4. Leitfaden Datennutzung. Orientierungshilfe zur Vertragsgestaltung für den Mittelstand. Published by VDMA in 2019. ↩︎

  5. *Digitale Marktabschottung: Auswirkungen von Protektionismus auf Industrie 4.0 * Published by VDMA’s Impulse Foundation in 2019. ↩︎

2.7 - An introduction into certificates and secure communication in IoT for normal people

This article explains the two fundamental approaches to encrypting your messages with your IoT devices, from passwords (symmetric) to certificates (asymmetric).

Asymmetric vs symmetric encryption. Symmetric encryption uses the same key for encrypting as for decrypting. Asymmetric encryption uses different ones

Introduction

Newcomers to IT security are often confused about the difference between passwords and certificates. This article gives newcomers to IT security an introduction into the topic of secure communication with IoT devices. The focus is to explain the two fundamental methods to ensure that nobody else can read your communication, namely symmetric (e.g., passwords) and asymmetric encryption (e.g., certificates).

The need to ensure that nobody else than you and the recipient can read messages exist for thousands of years and has always been a battle between people creating encryption methods and so-called code-breakers, that focus on trying to decipher other messages. Wars have been started, won and lost because of a knowledge advantage gained through secure communications (see also ENIGMA or Zimmerman-Telegram).

In today’s world, the topic of secure communication is more relevant than ever: companies want to protect their intellectual knowledge from other companies and want to protect themselves from Ransomware attacks.

In IoT or Industrial IoT it is important as well:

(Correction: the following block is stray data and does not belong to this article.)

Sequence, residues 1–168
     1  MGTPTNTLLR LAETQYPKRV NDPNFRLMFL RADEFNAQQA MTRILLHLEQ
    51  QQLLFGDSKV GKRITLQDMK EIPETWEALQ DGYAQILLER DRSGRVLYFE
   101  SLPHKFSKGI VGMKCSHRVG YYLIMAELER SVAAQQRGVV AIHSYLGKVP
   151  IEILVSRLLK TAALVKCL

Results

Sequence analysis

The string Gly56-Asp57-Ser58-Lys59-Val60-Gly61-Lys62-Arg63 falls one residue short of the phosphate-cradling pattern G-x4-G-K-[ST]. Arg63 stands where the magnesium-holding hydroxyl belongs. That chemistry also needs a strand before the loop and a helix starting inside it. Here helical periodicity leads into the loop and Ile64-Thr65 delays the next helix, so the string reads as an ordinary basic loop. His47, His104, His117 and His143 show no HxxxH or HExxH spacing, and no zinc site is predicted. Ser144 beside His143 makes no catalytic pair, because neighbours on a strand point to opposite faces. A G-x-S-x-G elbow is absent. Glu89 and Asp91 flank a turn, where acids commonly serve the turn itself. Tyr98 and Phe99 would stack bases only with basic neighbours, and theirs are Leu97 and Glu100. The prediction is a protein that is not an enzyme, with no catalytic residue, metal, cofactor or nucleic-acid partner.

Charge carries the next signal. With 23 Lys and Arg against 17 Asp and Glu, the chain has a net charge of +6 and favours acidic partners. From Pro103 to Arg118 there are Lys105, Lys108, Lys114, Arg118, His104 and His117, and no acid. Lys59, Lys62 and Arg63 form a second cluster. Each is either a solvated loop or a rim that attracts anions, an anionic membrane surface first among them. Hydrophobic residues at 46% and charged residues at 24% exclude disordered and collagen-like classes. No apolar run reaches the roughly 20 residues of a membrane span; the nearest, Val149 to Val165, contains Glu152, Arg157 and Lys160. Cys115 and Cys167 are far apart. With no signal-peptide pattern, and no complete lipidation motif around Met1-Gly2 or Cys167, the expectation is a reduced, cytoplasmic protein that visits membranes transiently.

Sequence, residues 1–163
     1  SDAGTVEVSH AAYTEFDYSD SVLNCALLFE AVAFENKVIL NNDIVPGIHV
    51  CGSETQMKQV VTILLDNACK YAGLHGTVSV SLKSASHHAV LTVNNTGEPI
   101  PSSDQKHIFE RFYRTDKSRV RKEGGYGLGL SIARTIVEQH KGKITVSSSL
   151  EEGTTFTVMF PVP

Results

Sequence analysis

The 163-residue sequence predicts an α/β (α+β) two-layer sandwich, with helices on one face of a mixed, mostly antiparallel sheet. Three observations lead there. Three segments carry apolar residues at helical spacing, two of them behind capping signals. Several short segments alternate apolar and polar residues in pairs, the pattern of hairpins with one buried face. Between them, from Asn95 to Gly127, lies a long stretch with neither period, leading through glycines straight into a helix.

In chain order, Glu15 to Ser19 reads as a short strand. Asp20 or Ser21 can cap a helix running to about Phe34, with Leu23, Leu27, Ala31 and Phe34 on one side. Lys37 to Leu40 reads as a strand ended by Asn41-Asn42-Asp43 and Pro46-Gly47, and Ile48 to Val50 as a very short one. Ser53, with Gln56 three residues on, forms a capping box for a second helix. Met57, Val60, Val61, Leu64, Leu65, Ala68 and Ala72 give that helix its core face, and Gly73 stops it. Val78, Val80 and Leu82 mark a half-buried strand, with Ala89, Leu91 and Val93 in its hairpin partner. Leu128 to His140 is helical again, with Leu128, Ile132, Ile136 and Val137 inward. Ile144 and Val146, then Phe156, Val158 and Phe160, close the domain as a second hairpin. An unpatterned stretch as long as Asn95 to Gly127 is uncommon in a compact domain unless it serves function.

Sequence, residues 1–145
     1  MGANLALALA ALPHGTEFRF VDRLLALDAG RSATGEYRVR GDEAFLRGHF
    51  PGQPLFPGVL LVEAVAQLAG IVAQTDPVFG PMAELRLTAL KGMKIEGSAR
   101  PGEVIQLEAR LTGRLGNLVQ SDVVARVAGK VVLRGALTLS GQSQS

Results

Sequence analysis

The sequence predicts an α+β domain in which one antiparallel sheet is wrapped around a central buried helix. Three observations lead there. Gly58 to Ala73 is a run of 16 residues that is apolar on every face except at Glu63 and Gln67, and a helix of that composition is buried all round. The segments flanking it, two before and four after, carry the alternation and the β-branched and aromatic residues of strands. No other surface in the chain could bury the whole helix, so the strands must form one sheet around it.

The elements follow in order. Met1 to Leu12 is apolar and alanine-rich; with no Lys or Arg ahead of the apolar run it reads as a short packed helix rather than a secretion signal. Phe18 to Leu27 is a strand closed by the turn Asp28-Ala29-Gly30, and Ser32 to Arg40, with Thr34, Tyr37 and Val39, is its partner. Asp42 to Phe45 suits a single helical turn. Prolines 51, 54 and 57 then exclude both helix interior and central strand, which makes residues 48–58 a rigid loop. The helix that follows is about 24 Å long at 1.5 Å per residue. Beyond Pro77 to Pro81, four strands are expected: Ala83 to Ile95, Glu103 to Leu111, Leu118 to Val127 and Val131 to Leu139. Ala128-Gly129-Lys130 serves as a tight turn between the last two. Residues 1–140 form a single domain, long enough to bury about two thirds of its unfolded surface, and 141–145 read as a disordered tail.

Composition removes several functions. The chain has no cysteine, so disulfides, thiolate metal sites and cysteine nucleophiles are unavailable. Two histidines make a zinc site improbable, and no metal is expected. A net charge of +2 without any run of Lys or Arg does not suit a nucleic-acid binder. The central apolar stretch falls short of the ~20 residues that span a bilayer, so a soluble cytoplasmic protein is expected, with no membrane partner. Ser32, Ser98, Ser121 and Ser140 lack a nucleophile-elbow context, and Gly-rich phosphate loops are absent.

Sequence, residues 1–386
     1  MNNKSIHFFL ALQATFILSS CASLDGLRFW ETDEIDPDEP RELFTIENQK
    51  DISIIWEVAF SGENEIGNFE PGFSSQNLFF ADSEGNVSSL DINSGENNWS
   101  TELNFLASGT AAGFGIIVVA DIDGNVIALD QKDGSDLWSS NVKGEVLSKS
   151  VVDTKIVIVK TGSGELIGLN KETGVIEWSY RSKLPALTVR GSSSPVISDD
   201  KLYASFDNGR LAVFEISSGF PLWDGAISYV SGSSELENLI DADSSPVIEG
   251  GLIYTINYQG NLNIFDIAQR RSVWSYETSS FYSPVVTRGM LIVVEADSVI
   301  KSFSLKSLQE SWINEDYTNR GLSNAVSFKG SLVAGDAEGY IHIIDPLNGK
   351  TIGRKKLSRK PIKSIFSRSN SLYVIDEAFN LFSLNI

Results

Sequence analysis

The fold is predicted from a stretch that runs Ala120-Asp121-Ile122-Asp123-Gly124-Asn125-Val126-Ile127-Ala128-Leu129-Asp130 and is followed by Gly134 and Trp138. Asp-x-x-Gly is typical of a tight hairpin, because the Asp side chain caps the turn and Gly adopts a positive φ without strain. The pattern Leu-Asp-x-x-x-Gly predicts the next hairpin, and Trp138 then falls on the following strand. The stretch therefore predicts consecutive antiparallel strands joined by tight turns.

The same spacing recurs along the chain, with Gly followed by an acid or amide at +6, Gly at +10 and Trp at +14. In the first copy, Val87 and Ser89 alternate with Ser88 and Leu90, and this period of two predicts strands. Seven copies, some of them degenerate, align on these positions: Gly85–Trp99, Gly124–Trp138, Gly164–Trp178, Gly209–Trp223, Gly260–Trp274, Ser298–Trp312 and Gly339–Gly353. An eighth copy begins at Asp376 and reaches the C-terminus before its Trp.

• How to ensure that the data send to the cloud from my microcontroller or PLC 1 is not read or modified?
  • How to push updates onto my PLCs or IoT devices and prevent that someone else modifies or pushes their own updates?
  • What are these certificates that are required for a connection to Azure IoT Hub, an MQTT broker 2, or any other API?

Let’s have fun and deep dive in!

Symmetric encryption

Let’s start with the simpler method of both approaches: symmetric encryption. In cryptography, the field of encryption, methods are always explained using Alice, Bob, and Mallory. All of them (there are way more, see also the Wikipedia article on Alice and Bob) are fictional characters. Alice usually initiates the communication and wants to send a message to Bob without any third party like Mallory being able to read it.

Alice, Bob, and Mallory

In IoT, Alice could be a Raspberry Pi with a temperature sensor that is trying to send a message to Bob, who is a service running in the cloud. In Industrial IoT, Alice could be A PLC and Bob an Industrial IoT platform.

Alice, Bob, and Mallory practically

Before Alice and Bob can communicate with each other using a symmetric encryption they need to do two things first:

  1. align on the encryption method
  2. align on the secret, also called password